Dispatches from a Reporter's Notebook

A Mother's Plea

Posted March 20, 2007

Listen to her, listen closely.  That's all that Dr. Rosemarie Newman is asking parents and teenagers to do.  Listen, pay attention, your life may depend upon it...

Newman is a small woman with a measured voice, the voice of a mother, the voice of a mother who is grieving.  Like a well-constructed symphony her passion and anger build when she speaks.  Suddenly, out of nowhere she is shouting to no one in particular, maybe to her son in heaven, she screams up at the sky: "What was he thinking?"  There is stunned silence in the auditorium at Wakefield High School.  Newman's pain hangs in the air like a black cloud enveloping the solemn crowd.

Was he thinking that he might lose his life when he got into a car with a driver who had been drinking?  No.  Was he thinking that it wasn't a good idea to go to a party where underage people were drinking alcohol?  No.  Was he thinking when his mother repeatedly callled him on his cell phone and asked him to come home that he should act accordingly?  No.

Newman is mad.  She is mad at her son for not paying attention, not listening this one time.  "It's not about good kids and bad kids," she says.  Even good kids make bad choices.  Her son, Sadiki Young, whose picture fills the stage in the auditorium with a mega-watt smile that you simply cannot turn away from, was a good kid.  But Newman believes the bad choices he made that night contributed to his death.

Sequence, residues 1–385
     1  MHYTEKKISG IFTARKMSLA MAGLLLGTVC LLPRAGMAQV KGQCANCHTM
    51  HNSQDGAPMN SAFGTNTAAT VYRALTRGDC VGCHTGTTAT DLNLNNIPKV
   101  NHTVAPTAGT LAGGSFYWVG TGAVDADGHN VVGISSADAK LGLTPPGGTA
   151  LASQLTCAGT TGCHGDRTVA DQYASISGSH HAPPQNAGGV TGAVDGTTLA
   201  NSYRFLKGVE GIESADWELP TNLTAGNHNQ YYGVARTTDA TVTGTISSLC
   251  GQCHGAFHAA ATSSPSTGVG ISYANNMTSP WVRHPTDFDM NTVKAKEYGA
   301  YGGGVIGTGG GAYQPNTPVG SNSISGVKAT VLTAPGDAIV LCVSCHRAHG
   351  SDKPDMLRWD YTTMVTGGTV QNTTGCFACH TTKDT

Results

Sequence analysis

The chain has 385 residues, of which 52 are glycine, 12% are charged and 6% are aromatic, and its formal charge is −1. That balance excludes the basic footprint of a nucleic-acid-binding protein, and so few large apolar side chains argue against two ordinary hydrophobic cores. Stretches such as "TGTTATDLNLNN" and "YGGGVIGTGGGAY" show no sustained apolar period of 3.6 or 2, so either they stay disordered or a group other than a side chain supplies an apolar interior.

Newman does not tread lightly.  She does not sugarcoat the tragedy with memories of happier times.  She tells it like it is.  Young will not graduate this year from Wakefield High School with the rest of his class.  He will never kick a soccer ball again, play the guitar or take a planned summer trip to England with his family.  He will never wear a robe and carry the cross down the aisle at his church again.  He will never again hug his mother. 

Are you listening?  Are you paying attention?  Newman hopes so.  As the mother of girls who will someday be teenagers I know I am.


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  • packandcanesfan Mar 22, 2007

    I saw her speak on the news and it broke my heart. Teenagers need to learn that they are not invincible and bad things can happen to them. Drinking and driving don't mix for any driver. Old, young, experienced or not.

  • theoneuadore Mar 22, 2007

    Wow that was very touching and even though my son is 2 I still know that I have to ay attention. This message is not just for kids though it is for everyone that may make that bad choice just one time that might cause them there life. Thanks for the insight.

  • Lion-Heart Mar 22, 2007

    I told my son and daughter to call me if they ever found they were in a situation unsafe or felt uncomfortable in. I received such a call from my daughter one night and responded. No questions were asked and no actions taken with her at that time. She did what I had asked her to do. Another person at this same party was later arrested on a intoxication charge. Tell your kids to call you when something like this happens. They are kids and will make mistakes in life just as we as their parents have done. Just make sure they can depend on and trust in you.